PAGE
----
I think there's been quite a lot of pretty good advice given here. As Atoll suggested, since you seem to be free to travel, why not spend a year or so doing as many deliveries on different kinds of boats as you can? You can discuss the pro's and con's of each boat with skipper
and crew as you experience them. After a year of doing that, you'll have learned a whole lot and will have formed a very good idea of what sort of boat best suits you and as you spend time hanging around the waterfront at common delivery
destinations, you may well hear about a bargain price
on a great boat.
You've mentioned a ketch
rig. I really like the way they look and it's a handy place to put your radar
, etc. but it adds complication and expense to the rig and to maintenance
costs, and doesn't really gain you much unless you will be sailing a lot in light winds and need a short rig to pass under bridges. But in sloops around 40' in length, there's no need to go above 64' anyway so that's not an issue. Going to weather
, it's just extra drag. Off the wind
it adds useful sail area but so does a bigger mainsail
. If the wind
is blowing hard, you don't need extra sail area, and in light air it's not a problem and is sometimes a good thing to have your extra sail area up high. I think a cutter
or solent rig is best. Yes, in strong winds you can sail "jib and jigger" but a very deep reef in your main will accomplish the same thing and closer to the center of your boat. If you find a boat that otherwise suits you and it happens to be a ketch
, then don't rule
it out, just realize that most of the time it's going to be sailed as a sloop
with some extra drag on the back. If you buy a ketch, take lots of pictures and post them here, because I love the way a ketch looks under sail.
Of course you'll never see it under sail because you'll be aboard!
I'd stay away from steel
boats without rust problems are very rare and there's a lot of extra time and cost involved to keep them that way. You mention that you'd like a fairly fast boat so that also rules out most steel boats in the 40' range. Aluminum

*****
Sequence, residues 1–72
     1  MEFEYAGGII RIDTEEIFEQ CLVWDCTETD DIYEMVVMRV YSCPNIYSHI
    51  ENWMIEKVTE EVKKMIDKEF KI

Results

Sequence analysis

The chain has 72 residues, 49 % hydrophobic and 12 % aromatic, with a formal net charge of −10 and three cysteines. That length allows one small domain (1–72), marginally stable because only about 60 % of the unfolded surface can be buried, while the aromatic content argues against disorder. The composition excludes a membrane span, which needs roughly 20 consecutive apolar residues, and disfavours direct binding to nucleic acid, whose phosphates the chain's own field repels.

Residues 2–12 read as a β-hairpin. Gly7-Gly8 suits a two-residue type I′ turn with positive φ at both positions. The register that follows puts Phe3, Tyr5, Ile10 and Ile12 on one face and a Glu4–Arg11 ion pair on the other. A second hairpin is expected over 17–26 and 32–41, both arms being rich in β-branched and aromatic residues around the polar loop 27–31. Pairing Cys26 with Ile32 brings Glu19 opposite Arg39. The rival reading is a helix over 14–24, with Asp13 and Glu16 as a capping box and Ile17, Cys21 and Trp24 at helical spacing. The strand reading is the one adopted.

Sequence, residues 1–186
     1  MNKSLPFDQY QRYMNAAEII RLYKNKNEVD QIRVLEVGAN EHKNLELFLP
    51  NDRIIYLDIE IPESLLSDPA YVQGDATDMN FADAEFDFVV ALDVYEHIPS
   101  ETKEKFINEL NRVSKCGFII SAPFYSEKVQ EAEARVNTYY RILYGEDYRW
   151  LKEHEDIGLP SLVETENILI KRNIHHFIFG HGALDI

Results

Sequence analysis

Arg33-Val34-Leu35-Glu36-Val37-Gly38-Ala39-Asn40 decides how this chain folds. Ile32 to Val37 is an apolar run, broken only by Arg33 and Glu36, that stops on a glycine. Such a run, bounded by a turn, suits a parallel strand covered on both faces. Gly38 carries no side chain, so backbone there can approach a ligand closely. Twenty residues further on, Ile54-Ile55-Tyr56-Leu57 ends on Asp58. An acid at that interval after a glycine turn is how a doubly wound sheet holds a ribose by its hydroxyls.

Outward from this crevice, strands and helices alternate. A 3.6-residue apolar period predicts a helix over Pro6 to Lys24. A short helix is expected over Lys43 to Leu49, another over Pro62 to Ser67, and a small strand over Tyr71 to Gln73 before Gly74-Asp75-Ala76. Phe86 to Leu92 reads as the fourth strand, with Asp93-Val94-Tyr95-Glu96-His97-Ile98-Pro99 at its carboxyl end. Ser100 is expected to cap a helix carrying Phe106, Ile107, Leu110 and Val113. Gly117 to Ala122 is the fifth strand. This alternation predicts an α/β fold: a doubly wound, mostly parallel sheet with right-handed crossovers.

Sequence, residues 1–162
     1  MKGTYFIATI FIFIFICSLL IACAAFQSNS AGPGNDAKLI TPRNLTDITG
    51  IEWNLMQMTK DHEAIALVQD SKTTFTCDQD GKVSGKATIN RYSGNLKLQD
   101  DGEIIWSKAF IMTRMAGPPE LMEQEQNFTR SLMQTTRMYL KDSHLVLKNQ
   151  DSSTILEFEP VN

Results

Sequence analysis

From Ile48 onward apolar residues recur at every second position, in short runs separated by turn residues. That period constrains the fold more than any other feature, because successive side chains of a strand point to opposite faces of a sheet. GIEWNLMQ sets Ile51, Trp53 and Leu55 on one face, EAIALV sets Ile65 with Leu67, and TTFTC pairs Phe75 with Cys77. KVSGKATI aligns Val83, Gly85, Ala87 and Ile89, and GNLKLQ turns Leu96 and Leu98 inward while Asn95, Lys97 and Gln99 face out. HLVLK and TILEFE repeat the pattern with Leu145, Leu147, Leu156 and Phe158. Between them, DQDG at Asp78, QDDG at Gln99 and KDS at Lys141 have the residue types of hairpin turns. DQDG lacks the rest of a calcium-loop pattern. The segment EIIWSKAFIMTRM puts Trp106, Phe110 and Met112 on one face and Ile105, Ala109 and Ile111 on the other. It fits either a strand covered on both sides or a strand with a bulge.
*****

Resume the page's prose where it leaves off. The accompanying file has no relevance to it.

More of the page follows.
might be a good option if your budget
allows. There's a good website I've run into that has a good discussion of pros and cons of different type cruising boats including steel versus aluminum
. If you google
"attainable adventure cruising" or Morgans Cloud, you can find it. There's a $20 fee per year but I think is well worth it for the independent testing this seasoned cruising couple has done and written about.
There's a reason why a fairly long fin keel
and at least some sort of external support/protection for the rudder
has become common on cruising boats. A long or moderate fin will help your ability to maneuver in port and it will also give you adequate tracking ability at sea without the drag of a full keel
. You did say you don't want a slow boat. More boat are being built lately with spade rudders but I don't think it's a good idea on cruising boats because it makes the rudder
too vulnerable to any number of things it might come in contact with. A moderate fin with a skeg hung rudder allows very good maneuverability and does a much better job of protecting and supporting the rudder. If you feel you still need better maneuverability, get a bow thruster.
Slow versus fast: A lightweight boat will sail faster in light winds and accelerate quicker, but it will also pound at sea and be very uncomfortable. It sounds like you want to cover some serious distance and that means offshore
work so I wouldn't get anything too light. Even if you buy a lightweight boat, it probably won't stay that way for long as you accumulate "things" as you cruise
isn't a priority for you so the kind of speed you're interested in to cross oceans not too slowly will be determined by your boats hull speed
and that is determined by it's waterline length. Long overhangs look pretty, but it's tough to log 200 mile days in a 40' boat with only 32' feet of waterline no matter how hard the wind blows.
You haven't mentioned a budget
so it's tough to recommend a boat, but I'd take a look at the Bob Perry designed Nordic
40 or 44's that are for sale
. They have the advantages of the tried and true valiants combined with little more modern look and a reverse transom and maybe a little more performance. I had a Nordic
44 and it was a very comfortable boat at sea with good performance. If you're cruising extensively, you're not going to be stepping off a dock
onto your boat very often so a little swim platform on the transom about 10" above the waterline to step onto from your dinghy
makes it MUCH easier to get on/off your boat than climbing up the side. This is something that can be easily added to any reverse transom boat and increases its liveability on the hook a lot.
Good luck with your search and your cruising future. Get on the water
now doing deliveries, and "your" boat will come to you.